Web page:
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Sano Sets Strikeout Record


On Saturday, Miguel Sano struck out twice. You may read that sentence and think, what's unusual about that?

Nothing. The answer is nothing, and with it, he crushed an MLB record. Find out more below. 

The Star-Tribune's Phil Miller gets credit for this one. Following Miguel Sano's second strikeout of the game, and 1,000th of his MLB career, Miller tweeted: 

 So, not only did Sano break the record, he broke it by a huge margin. Again, that isn't going to surprise a lot of Twins fans.

It is also important to note that the above list of players includes some very productive baseball players who remained in the big leagues for a long time. There are a lot of home run champions on this list. There are a few MVP awards. 

It may surprise many Twins fans that Miguel Sano has the lowest strikeout rate of his career in 2021. 

2015: 35.5%
2016: 36.0%
2017: 35.8%
2018: 38.5%
2019: 36.2%
2020: 43.9%
2021: 34.5%

So yeah, it isn't the lowest rate by a big amount, but it is, in fact, the lowest. 

After a very slow start to his 2021 season, Sano has really come on. Since May 18, Sano has played in 97 games and hit .240/.313/.526 (.839) with 20 doubles and 26 home runs. 

Overall this season, Sano has played in a career-high 122 games and hit .221/.309/.476 (.786) with 20 doubles and 29 home runs. His OPS is 14% above average. 

In 660 career games since his MLB debut during the 2015 season (parts of 7 seasons), Sano has hit .237/.328/.493 (.821) with 119 doubles and 160 homers. His OPS over that period is 19% higher than average. 

Thirty years ago, this type of strikeout record would have been deemed a big deal in baseball. Strikeouts are no longer considered a terrible event for a hitter. That said, when Sano makes contact, a lot of good things happen, so I for one would certainly love to see him make more contact. 

How do you feel about Sano and this strikeout record? What does it mean, big picture (if anything)?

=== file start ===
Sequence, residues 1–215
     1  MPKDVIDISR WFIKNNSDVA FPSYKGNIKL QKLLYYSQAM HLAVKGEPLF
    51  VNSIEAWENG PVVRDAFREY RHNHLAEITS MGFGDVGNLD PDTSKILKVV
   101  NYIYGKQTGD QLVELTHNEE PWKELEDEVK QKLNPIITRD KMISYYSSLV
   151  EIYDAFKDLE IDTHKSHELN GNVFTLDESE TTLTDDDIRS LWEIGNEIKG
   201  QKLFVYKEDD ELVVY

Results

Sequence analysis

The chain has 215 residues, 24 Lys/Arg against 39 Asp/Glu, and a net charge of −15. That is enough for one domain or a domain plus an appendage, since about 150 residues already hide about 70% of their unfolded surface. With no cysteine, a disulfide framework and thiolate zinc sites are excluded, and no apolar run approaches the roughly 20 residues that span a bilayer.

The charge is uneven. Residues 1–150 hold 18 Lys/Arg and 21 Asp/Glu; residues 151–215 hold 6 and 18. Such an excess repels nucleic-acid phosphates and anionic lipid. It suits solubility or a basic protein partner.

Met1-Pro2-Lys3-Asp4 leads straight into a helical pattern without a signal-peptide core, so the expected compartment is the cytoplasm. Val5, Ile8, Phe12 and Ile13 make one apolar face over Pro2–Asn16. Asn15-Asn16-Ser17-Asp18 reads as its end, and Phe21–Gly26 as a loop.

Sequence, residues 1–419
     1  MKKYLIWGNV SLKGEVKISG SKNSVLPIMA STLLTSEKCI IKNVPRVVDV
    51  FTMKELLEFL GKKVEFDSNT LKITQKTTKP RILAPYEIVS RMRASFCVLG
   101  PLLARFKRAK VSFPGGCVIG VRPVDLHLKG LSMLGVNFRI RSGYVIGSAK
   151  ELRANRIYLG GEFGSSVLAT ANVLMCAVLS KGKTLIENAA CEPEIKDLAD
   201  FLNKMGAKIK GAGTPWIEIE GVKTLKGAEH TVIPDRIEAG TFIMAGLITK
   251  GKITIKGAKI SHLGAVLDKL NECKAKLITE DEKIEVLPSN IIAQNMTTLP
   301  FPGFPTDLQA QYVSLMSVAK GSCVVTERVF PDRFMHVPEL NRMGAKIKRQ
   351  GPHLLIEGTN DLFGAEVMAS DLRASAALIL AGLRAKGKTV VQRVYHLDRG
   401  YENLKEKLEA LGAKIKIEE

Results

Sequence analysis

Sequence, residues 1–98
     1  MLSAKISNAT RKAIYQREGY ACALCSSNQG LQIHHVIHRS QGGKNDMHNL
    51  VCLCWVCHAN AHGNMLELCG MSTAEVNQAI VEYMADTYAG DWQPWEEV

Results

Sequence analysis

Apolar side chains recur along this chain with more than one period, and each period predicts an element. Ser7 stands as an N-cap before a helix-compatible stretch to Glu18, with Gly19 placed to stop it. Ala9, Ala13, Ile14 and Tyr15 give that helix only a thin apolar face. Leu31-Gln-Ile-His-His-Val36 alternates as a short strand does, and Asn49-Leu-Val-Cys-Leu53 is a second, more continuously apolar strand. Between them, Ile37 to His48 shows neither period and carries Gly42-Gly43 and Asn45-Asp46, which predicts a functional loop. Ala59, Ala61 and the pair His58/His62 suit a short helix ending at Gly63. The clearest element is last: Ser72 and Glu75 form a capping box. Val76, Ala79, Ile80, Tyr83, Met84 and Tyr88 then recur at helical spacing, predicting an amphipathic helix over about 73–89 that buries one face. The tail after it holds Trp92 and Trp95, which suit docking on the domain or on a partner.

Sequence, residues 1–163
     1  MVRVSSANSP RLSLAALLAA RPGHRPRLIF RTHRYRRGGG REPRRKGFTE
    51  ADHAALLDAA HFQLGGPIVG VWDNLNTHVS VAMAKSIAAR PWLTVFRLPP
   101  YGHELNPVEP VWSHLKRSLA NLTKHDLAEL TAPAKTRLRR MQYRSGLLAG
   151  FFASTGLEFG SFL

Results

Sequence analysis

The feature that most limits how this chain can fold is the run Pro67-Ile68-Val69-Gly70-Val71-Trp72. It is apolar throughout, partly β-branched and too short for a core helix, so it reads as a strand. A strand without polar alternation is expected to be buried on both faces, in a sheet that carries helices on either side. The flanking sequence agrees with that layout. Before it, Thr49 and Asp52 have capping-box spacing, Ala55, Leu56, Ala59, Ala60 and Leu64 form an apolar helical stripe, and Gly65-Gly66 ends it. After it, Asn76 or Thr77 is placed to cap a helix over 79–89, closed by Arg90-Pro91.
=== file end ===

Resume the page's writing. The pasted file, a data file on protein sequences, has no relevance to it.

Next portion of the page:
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At first I was guessing this was purely an artifact of his era.  If so, expect the record to be broken within a few short years, by someone already well on his way.

Perfect use for baseball-reference.com's Stathead tool.  So I asked for a list of active players with 1000 or fewer SO, to see who might be a candidate. Everyone near the top of that sorted list already had more than the 660 games Sano has.  So then I asked it to show me such candidates who also had fewer than that number of games.  Joey Gallo has 868 SO in 613 games - he's not going to make it at that rate.  Aaron Judge has 772 in 558 - slightly better rate but that's not going to cut it.  Yoan Moncada with 671/525 - nope.

The tool doesn't (to my knowledge) let me sort by a ratio, but a quick scan of the list sorted by SO doesn't reveal a viable candidate with any kind of track record.

As with any negative milestone of counting stats (e.g. 20 losses by a starting pitcher) you have to be pretty good to achieve it.  The truly bad never make it that far.

Congratulations, Miguel. Your record may stand a while.

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"That said, when Sano makes contact, a lot of good things happen, so I for one would certainly love to see him make more contact."